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Dec 15, 2012 -

Colonial Williamsburg, Part Three: The Wythe House

After the governor’s palace, I wandered over to the first house that had a flag. There was a waiting period for the tour and the lady out front told me that I was much better off getting in line to view the Wythe house across the street as it closes at 1:00 and there were only a couple of tours left.

This is because the house is one of the few period buildings remaining and it even still has all the original 18th century woodwork, including the floors. Of greatest importance to most guests is this is the house where Thomas Jefferson studied law, so you can actually walk on the same floor and through the same doors as he did.

George Wythe was the first American law professor and a prominent opponent of slavery. The Wythe house was a wedding gift from his second wife’s father. They had no children, but they did received nieces and nephews regularly, as well as the Jeffersons.

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Dec 15, 2012 -

Colonial Williamsburg, Part Two: The Governor’s Palace and Patrick Henry

First stop in Colonial Williamsburg is the governor’s palace. A popular activity there is to listen to a speech by one of the founding fathers, Thomas Jefferson or Patrick Henry. The fellow who plays Jefferson apparently looks like him… because he is a direct descendent of him!

On the crisp morning of my visit, the talk was by Patrick Henry. Other than his “give me liberty or give me death” speech, I didn’t know much about him. With the talk being 45 minutes, I didn’t expect to stay through the whole thing. The reenactor was so good, that I hung onto every word! I really would suggest not missing this if you go to Williamsburg.

(As point of reference, by this point, it was 11:30 and I had already been in Colonial Williamsburg two and a half hours!)

All the open buildings in Colonial Williamsburg have an English flag outside the entrance. The governor’s palace did not. It was just open for private school tours. But we could wander around the grounds.

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Dec 14, 2012 -

Colonial Williamsburg, Part One: Introduction and the Hopes Plantation

It is a very weary and happy time travel who posts tonight! My day in Colonial Williamsburg was much too full to do it justice in just one post, so I will be breaking it up into several.

Williamsburg is known as the Revolutionary City. It was the first capital of Virginia and the centre of political activity that would lead to the United States declaring its independence from England.

The historical part of the city, Colonial Williamsburg, is a huge living history museum set circa 1774, just before the American Revolution and the ratification of the Declaration of Independence. I’ll get a little more into some of the history as I work my way through the exhibits.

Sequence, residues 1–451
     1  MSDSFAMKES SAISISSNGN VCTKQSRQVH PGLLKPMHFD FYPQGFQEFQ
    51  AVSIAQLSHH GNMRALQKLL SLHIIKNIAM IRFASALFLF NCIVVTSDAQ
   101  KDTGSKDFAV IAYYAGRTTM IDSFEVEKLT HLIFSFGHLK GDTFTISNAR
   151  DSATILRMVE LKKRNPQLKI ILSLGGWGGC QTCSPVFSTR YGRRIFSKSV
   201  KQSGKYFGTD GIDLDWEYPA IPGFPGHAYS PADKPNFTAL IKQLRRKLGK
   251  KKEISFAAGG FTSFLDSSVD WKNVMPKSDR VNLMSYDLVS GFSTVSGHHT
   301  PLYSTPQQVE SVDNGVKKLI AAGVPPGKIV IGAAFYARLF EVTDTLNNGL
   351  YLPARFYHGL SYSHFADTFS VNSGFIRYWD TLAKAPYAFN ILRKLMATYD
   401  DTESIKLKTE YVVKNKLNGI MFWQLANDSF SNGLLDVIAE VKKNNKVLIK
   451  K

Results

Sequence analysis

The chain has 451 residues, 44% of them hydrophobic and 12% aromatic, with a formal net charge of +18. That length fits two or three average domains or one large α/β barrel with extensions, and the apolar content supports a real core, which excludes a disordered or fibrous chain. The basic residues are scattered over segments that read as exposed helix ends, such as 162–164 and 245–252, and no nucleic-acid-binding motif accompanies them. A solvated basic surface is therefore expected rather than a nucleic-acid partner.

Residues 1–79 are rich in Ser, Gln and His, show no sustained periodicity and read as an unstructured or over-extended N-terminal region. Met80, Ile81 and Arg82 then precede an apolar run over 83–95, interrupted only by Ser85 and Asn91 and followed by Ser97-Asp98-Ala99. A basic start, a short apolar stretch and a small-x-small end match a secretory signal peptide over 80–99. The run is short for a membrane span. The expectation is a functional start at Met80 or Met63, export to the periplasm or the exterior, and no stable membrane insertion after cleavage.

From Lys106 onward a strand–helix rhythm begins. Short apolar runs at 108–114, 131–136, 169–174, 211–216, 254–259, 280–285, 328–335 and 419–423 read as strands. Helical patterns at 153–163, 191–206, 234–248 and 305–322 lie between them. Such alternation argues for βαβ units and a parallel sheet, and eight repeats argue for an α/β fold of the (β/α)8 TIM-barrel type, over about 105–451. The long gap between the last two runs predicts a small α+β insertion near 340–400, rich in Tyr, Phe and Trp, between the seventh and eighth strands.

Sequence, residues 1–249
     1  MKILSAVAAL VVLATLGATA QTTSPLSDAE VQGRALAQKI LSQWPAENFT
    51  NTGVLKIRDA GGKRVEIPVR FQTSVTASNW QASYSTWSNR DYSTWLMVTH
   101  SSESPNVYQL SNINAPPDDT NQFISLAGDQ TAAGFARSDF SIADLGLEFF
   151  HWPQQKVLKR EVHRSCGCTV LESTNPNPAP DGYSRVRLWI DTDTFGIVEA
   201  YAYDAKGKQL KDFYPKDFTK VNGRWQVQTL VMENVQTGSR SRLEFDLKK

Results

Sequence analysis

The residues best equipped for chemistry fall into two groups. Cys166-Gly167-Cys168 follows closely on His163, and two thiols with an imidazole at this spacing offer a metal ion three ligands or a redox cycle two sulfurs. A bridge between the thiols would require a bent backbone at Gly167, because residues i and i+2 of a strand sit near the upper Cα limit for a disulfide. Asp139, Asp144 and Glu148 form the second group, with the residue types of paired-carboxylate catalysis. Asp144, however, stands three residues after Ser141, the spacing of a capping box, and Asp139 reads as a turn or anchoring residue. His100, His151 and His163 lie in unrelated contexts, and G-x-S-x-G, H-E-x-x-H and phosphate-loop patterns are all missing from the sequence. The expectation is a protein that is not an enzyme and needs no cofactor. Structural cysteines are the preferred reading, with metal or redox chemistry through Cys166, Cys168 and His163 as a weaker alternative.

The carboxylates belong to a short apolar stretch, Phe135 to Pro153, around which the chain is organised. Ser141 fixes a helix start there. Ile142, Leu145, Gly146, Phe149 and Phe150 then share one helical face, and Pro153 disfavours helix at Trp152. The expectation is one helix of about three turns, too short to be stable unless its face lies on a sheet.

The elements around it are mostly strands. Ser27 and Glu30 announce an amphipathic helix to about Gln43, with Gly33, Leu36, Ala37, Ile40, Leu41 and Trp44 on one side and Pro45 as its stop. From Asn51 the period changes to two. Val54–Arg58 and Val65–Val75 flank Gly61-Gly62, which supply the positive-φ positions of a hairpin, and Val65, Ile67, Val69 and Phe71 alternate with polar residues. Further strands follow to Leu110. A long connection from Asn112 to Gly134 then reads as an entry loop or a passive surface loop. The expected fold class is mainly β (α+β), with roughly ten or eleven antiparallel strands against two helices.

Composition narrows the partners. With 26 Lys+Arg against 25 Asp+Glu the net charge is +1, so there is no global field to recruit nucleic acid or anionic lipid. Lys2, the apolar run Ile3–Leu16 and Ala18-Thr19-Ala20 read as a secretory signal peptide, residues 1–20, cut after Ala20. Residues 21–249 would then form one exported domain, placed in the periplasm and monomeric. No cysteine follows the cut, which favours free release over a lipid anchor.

While Colonial Williamsburg is a living history museum, it is not like so many others I have visited where the costumed interpreters play a part and pretend they are actually living in that era. While they may take on the persona of an 18th-century whatever, they are still their 21st century selves and can answer questions as such.

In order to visit all the exhibits, you must purchase a ticket, which is $39.95 for one day. I got lucky and was able to buy my ticket through Groupon for $19.95. But, spoiler, $39.95 is a bargain!

My tips for Colonial Williamsburg: wear comfortable shoes, bring your own water and a picnic, don’t think you’ll find one-of-a-kind souvenirs, and if you absolutely want to pay huge prices for dinner, reserve very early to eat at one of the taverns. Yes, much of Colonial Williamsburg is a giant tourist trap, but one that is still well worth doing!

Plan a lot of time to visit Colonial Williamsburg properly. I arrived at 9AM and by noon I hadn’t even set foot in the core of the city yet! Many visitable buildings include tours of 20 to 45 minutes in duration and you can easily spend 10 to 15 minutes in each of the other ones watching demonstrations. I decided to work my way through the city, devote myself wholly to the activity in which I was engaged, and not bemoan missing anything when the day ended.

One interpreter gave me a valuable tip. While the town buildings and tours close at 5PM, the museum closes at 7PM. A good way to organize you day is to travel clockwise around the city, finish with the museum, and then hop on the free shuttle to get back to the Visitors’ Centre.

I don’t take notes, so the following pictures provide information I remember, but in no way encompass the whole of what I learned during my visit. You’ll just have to come to Colonial Williamsburg one day!

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